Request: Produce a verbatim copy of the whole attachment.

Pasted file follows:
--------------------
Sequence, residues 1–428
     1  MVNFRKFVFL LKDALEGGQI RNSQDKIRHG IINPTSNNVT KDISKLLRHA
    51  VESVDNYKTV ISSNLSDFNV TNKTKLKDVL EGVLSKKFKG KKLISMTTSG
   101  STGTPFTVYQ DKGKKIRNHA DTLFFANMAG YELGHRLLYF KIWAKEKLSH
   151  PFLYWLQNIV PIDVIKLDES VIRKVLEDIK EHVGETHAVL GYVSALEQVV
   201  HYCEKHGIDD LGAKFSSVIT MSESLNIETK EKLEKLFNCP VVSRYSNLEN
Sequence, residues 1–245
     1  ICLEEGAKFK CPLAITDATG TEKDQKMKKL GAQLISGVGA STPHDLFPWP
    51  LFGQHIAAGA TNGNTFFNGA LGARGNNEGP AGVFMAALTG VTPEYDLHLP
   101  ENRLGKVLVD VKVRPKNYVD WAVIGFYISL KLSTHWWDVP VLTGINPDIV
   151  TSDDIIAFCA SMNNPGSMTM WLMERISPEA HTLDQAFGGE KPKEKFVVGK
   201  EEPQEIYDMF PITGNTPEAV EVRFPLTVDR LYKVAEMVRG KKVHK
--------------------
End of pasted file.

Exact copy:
Sequence, residues 1–428
     1  MVNFRKFVFL LKDALEGGQI RNSQDKIRHG IINPTSNNVT KDISKLLRHA
    51  VESVDNYKTV ISSNLSDFNV TNKTKLKDVL EGVLSKKFKG KKLISMTTSG
   101  STGTPFTVYQ DKGKKIRNHA DTLFFANMAG YELGHRLLYF KIWAKEKLSH
   151  PFLYWLQNIV PIDVIKLDES VIRKVLEDIK EHVGETHAVL GYVSALEQVV
   201  HYCEKHGIDD LGAKFSSVIT MSESLNIETK EKLEKLFNCP VVSRYSNLEN
Sequence, residues 1–245
     1  ICLEEGAKFK CPLAITDATG TEKDQKMKKL GAQLISGVGA STPHDLFPWP
    51  LFGQHIAAGA TNGNTFFNGA LGARGNNEGP AGVFMAALTG VTPEYDLHLP
   101  ENRLGKVLVD VKVRPKNYVD WAVIGFYISL KLSTHWWDVP VLTGINPDIV
   151  TSDDIIAFCA SMNNPGSMTM WLMERISPEA HTLDQAFGGE KPKEKFVVGK
   201  EEPQEIYDMF PITGNTPEAV EVRFPLTVDR LYKVAEMVRG KKVHK